Review: Get Out – A socially conscious slice of horror goodness

GET OUT drew a large amount of commentary when its trailer was released. Many looked at the racial overtones and whether or not a simple binary would be enough to terrify audiences. With increasing acclaim it became apparent that the film offers a great deal more than a horror in a unique setting. Get Out provides tension that rivals not only most horrors but thrillers as well.

The prologue of the film reminds the audience, in true Halloween fashion, that the film is a horror by showing a brutal murder on a dark night. Yet, this is just a snippet of what is to come and there is the introduction of a pleasant state of affairs. The beginning of the film, as all films should, establishes the characters and their motivations. This is done with confidence intertwining notes of comedy into the melody of normal life. This is perhaps unsurprising as writer and director Jordan Peele rose to acclaim through his work Keanu and most notably Key & Peele. Yet, Jordan Peele does litter the film with indications of the horror to come. The film plants seeds of horror through the discourse of day to day life, these seeds flourish as Chris, and his partner and Rose, go to the latter’s parents for the weekend.

There are uncomfortable interactions as soon as Chris and Rose arrive. However, it is hard to tell if Chris has simply walked into an unconsciously racist home. This question lingers as more unnerving characters are introduced and illustrate their racist ideologies.The scenes of awkward interactions are made more suspenseful with the violent trailer in mind. This suspense is paced well and presents a natural incline of unease.

The film is directed subtly throughout these scene letting the actors shine through and establish the increasingly odd scene. As Rose’s extended family detail their credentials, light and wide shots illustrate spatial isolation. Yet, there are more mysterious elements raised by the behaviour of the staff of the household.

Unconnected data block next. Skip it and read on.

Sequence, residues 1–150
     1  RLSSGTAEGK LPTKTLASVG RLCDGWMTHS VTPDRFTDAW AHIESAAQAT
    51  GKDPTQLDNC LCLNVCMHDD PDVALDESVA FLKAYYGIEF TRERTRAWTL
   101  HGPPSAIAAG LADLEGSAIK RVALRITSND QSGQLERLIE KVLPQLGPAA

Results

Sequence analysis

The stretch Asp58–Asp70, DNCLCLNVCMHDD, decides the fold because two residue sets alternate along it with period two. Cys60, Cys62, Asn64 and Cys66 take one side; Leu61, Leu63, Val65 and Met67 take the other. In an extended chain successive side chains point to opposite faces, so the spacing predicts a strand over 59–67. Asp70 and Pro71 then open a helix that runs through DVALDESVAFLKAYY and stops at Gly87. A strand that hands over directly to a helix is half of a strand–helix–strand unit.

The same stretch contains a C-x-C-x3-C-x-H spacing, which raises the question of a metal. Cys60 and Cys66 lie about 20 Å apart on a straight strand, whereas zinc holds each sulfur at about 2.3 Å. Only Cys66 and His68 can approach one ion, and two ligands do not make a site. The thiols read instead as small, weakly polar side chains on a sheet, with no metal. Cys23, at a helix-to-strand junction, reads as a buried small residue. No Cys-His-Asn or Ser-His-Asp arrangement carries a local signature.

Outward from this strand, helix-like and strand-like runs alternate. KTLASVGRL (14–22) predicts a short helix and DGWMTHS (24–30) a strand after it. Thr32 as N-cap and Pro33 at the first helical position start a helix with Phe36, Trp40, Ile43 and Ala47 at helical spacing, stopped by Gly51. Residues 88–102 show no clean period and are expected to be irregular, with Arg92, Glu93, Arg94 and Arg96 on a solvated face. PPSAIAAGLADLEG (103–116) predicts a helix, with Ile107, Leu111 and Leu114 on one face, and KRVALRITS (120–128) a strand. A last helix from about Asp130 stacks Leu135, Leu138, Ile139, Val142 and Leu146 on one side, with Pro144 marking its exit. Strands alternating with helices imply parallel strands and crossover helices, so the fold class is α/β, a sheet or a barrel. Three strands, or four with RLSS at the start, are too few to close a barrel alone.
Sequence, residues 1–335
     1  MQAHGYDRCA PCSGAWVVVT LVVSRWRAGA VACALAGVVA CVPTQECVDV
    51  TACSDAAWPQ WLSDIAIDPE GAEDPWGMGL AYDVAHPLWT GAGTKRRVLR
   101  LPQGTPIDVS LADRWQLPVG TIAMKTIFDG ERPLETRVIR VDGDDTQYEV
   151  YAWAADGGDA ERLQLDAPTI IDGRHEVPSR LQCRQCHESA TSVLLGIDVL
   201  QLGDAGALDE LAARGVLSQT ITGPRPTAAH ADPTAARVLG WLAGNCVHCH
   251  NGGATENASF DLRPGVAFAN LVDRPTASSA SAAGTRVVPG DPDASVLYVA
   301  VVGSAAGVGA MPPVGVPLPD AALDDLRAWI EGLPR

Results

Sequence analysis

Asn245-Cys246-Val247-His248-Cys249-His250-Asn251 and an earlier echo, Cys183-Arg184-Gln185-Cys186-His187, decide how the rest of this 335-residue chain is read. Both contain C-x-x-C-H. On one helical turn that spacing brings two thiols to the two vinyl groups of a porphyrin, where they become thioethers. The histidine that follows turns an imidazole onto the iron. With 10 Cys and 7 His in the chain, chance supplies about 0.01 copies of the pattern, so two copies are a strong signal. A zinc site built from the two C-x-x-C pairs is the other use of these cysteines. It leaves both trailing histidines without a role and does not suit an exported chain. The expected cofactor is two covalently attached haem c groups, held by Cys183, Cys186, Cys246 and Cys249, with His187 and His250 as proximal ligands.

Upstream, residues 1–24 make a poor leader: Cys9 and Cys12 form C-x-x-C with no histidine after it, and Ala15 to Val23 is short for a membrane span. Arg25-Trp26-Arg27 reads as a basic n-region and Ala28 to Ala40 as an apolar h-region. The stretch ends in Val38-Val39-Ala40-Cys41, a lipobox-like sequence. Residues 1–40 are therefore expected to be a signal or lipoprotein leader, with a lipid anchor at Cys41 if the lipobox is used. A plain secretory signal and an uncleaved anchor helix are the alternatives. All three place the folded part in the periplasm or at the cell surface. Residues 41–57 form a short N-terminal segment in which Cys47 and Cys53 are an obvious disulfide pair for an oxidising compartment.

Peele does allow himself to express his directing talents. The film showcases visual flourishes as it becomes increasingly psychological. Scenes centred around hypnosis are spacious and provide a visually satisfying depiction of the subconscious. Furthermore, the action and gore are as satisfying as any modern horror. Yet, the action is particularly compelling because of the acting that illustrated the social relations previously.

The actors at the core of the story all provide satisfying performances which help navigate their somewhat generic characters with conviction. Daniel Kaluuya is a compelling lead who enters new acting territory with ease. Furthermore, Allison Williams provides a suspense-filled take on the femme fatale trope. This acting in a rural setting allows for a study of character and the growth of suspense.

The film provides action, horror and most importantly political commentary. Despite initial reservations presented by the trailer, there are sophisticated references throughout. The racial relationships illustrate the tensions in the United States. The distrust of the police force and the racism of self-declared liberal characters create a claustrophobic atmosphere around Chris. The state of entrapment is chilling twofold; in one sense there is the conventional themes of isolation that are a trope of horror. On the other hand, there is a depiction of a racial divide that has yet to be unified in the United States.

Get Out builds upon convention to create a unique horror that provides a commentary on a grim social reality. The familiar tropes of the film are done well and this provides a platform for a good film. There are few horrors that have such immediacy in their social commentary and terror. The film will surely send the internet into a frenzy of speculation and prophetic readings. However, underneath varying well-sourced theories is a film that is entertaining and tense until the very end.

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